For many of my years as a family lawyer I was asked by judges to represent the interests of children going through divorce. As an “ad litem” or “amicus attorney”, it was my duty to talk to my young charges to find out what they were thinking and what was bothering them. In many cases their parents couldn’t agree on where the children should live after the divorce, which parent should have the power to make decisions regarding the children’s day-to-day life, or whether one parent should have the right to move to a new location, far away from the other parent. My experience gave me an insight into how many children think during the turbulent period of their parent’s separation and divorce, and the best way parents can deal with some of the children’s assumptions and misunderstandings.
Insight #1 – children often think that it’s their fault that the marriage is ending; that it is something they have done that has caused the problems plaguing the adults in their lives. Parents need to make it very clear that the children have had nothing to do with the issues in their divorce and that it is not the children’s job to solve the problems. Sometimes I heard from parents that the children were doing just fine – in fact, they had never behaved better than they have since the separation. This may be a warning signal that a child thinks that if he just behaves perfectly that the divorce will do away. A parent would do well to reassure the child that they are loved and will be loved by both parents no matter what happens between the parents.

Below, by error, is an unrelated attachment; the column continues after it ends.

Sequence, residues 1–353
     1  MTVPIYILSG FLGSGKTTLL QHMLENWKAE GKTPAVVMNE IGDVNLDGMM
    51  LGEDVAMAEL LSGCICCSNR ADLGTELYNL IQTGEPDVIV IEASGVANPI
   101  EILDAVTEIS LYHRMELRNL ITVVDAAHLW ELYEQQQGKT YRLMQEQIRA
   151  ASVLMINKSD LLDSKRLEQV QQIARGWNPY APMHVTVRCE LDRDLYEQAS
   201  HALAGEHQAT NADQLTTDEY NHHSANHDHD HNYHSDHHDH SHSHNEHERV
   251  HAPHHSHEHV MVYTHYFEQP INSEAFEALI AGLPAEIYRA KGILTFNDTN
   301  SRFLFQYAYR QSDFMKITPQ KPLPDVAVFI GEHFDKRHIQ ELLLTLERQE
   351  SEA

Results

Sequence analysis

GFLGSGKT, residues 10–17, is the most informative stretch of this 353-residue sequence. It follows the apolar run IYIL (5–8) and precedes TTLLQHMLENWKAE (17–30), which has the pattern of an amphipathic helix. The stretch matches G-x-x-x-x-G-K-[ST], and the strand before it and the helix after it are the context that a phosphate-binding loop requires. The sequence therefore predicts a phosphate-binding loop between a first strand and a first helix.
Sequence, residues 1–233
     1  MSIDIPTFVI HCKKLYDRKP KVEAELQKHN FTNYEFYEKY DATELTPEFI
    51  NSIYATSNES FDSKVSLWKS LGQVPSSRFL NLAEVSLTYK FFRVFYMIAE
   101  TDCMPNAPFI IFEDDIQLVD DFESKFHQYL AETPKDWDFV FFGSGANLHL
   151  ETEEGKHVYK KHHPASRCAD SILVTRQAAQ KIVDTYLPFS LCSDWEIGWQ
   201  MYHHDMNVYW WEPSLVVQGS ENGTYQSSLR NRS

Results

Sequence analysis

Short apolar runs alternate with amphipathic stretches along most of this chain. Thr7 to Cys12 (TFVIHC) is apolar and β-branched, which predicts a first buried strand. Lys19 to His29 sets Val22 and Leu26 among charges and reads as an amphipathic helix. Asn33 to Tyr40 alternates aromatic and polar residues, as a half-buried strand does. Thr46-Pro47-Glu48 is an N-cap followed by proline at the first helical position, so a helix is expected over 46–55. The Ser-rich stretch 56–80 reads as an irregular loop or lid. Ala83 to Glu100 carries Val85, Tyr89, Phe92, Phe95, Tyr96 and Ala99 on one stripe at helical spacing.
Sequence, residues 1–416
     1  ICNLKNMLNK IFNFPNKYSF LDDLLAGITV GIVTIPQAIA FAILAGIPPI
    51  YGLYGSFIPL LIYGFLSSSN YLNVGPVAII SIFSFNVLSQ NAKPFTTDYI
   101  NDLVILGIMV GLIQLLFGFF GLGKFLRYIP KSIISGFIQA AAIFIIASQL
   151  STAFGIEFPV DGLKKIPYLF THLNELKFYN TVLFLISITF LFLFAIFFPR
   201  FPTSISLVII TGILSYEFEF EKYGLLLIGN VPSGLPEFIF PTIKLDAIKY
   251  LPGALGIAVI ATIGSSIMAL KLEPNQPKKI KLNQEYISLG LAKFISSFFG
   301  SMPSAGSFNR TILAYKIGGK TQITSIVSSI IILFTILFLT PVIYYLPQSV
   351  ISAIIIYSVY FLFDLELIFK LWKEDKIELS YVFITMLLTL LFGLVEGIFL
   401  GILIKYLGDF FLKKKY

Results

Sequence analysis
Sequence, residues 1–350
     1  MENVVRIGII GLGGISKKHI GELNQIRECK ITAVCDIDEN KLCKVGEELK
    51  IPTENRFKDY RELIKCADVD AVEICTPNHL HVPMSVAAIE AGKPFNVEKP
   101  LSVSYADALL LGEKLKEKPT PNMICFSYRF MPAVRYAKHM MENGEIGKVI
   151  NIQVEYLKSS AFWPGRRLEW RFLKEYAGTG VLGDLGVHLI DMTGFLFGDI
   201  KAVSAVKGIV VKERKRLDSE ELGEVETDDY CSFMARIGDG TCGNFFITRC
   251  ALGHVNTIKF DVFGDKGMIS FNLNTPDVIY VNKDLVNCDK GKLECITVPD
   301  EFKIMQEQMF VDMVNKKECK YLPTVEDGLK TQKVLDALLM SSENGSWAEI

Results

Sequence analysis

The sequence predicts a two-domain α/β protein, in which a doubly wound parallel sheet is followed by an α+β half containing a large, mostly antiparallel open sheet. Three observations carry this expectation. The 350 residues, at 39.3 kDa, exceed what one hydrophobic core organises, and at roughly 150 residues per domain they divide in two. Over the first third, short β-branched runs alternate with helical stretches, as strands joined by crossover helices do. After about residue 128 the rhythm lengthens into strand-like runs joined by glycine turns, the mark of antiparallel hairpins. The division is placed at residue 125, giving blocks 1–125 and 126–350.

Insight #2 – if encouraged in any way, a child will take sides in the battle between the parents, sometimes acting as a spy in the other parent’s house and reporting back to the “preferred parent” negative things they’ve seen and heard. Taken to the extreme, this can lead to parental alienation, destroying the formerly loving relationship with the other parent and causing the child resentment and a sense of abandonment. A wise parent will avoid making negative comments about the other parent, encourage the child to spend time at the other parent’s home, and generally support a close and loving relationship with their ex-spouse…and definitely do NOT encourage spying!
Insight #3 – children have no compunctions about being manipulative, pitting the parents against each other in a contest to see which parent can be the most generous gift-giver, and the most lenient disciplinarian. Parents, do not fall into this trap! If at all possible, work with your ex-spouse to enforce behavioral rules consistently in both homes, and communicate with each other when problems arise with the children. If you are working together in a collaborative divorce, plan in advance how you will react when problems arise. Many collaboratively divorced couples schedule weekly or monthly conferences with each other to discuss the children’s development and schedules and enforce each other’s rules consistently. In a world in which it’s them (the children) against us (the parents), it’s in the children’s best interests that the parents win.